Healthy Relationships and Borderline Personality Disorder

For those living in close relationship with a person who suffers with borderline personality disorder (BPD) it can become easy to lose perspective about what a healthy relationship actually looks like. The person with BPD often creates high levels of conflict in relationships and without being aware, engages in narcissistic behaviors. Below is a list (by no means conclusive) of what hallmarks healthy relationships contrasted with behaviors typical of the high-conflict individual with BPD.

One of the cornerstones of a healthy relationship is the ability of each partner to trust the other. Mutual honesty about feelings and expectations builds an intimate bond between people. Each person finds security in truly knowing the other person and being assured that they may be trusted with one’s deepest feelings. If honesty is the relational lynchpin, dishonesty is the quickest road to relational collapse. The person with BPD may suddenly turn on their partner in public and cause them to be embarrassed. They may try to turn others, including children against the other partner. Lying about the partner to close friends and family members is a way to exert control and poses no obstacle.

All school children are taught language, but not everyone learns how to communicate. In healthy relationships both sides know how to share intimate thoughts and emotions in a clear and non-threatening way. And since not all communication is verbal, healthy partners understand how to read non-verbal cues which add meaning to words and silences. They also realize that they may communicate unintentional messages if they do not pay attention to their own posture, tone, facial expressions etc.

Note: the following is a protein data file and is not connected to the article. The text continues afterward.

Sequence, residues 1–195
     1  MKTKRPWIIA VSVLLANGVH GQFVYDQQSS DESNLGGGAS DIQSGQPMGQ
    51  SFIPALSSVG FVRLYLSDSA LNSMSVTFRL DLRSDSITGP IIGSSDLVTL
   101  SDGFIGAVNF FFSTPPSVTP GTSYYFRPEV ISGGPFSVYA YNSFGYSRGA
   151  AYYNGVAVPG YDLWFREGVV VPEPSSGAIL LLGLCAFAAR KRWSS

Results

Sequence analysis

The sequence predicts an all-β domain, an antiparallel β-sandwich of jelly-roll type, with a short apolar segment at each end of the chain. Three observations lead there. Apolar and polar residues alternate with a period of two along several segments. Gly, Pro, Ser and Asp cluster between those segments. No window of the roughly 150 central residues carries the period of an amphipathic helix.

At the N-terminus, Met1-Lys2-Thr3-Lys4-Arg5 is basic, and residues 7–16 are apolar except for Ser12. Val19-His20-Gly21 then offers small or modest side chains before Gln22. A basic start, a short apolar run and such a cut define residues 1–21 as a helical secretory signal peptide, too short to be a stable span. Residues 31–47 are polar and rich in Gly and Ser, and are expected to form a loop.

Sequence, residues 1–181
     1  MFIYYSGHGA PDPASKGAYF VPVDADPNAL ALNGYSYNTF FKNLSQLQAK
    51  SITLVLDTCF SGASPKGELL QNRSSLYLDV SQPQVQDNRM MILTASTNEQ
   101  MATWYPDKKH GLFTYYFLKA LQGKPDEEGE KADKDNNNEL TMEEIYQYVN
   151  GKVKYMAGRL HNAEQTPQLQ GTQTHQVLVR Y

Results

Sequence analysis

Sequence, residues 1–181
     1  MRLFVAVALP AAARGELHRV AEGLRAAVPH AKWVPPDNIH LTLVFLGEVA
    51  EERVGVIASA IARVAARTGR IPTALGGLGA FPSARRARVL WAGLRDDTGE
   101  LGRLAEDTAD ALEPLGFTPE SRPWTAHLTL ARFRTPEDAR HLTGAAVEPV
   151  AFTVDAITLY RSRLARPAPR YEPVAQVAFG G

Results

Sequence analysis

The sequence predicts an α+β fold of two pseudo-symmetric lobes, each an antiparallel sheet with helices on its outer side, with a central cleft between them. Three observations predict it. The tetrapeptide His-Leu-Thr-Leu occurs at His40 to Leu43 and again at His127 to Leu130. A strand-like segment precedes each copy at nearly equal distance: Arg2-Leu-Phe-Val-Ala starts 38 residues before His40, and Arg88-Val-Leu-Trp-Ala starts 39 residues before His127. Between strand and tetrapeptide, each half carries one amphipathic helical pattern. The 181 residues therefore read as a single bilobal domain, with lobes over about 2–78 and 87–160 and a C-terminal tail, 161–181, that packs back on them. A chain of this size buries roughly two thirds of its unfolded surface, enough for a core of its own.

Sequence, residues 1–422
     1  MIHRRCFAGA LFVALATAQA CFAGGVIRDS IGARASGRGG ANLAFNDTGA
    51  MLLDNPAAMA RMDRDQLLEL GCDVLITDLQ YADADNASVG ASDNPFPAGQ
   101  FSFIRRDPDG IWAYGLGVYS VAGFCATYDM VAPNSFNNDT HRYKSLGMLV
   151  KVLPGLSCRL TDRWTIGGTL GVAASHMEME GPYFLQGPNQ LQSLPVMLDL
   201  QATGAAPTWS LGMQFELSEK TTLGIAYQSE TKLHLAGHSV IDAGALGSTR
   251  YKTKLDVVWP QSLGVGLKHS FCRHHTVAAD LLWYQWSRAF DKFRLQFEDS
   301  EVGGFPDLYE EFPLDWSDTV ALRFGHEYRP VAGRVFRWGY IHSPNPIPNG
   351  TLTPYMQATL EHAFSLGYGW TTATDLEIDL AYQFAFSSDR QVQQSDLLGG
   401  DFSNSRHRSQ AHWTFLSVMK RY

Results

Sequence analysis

The person with BPD, on the other hand, struggles to pick up on such social cues. Either their perception is out of whack such that they grossly misread cues, or they are completely oblivious to them. In either case, the person with BPD has a hard time regulating his/her emotional responses and doesn’t do well with non-verbal communication.

Demonstrating mutual respect is another hallmark of healthy relationships. By embracing differences, allowing for personal preferences and valuing those differences in the other person each shows regard and respect for the other. Healthy relationships do not begin by expecting that one partner will change to suit the other. The golden rule of treating others as we ourselves wish to be treated is like oil which keeps relationships running smoothly. By contrast, people with BPD may demand inordinate amounts of attention and admiration, may disparage their partner cruelly, may hold up and idealize their partner one moment only to knock them down the next. This one-sided relationship demands homage in one direction and offers unpredictable behavior in return.

Healthy relationships are characterized by a sense of oneness, yet allow for individuality including personal time. In strong relationships, partners look out for one another’s best interest and don’t give up when things get tough. Healthy partners realize that problems are never only one person’s fault and intentionally avoid keeping a record of past offenses. All of these things are challenging for the person with BPD.

Relationships are not doomed to failure when one partner struggles with BPD, but it is important to keep in mind what tendencies are there and always hold up the goal of healthy relationship that both parties should be aiming toward.

On September 14th, 2012, posted in: Mental Health by Tags: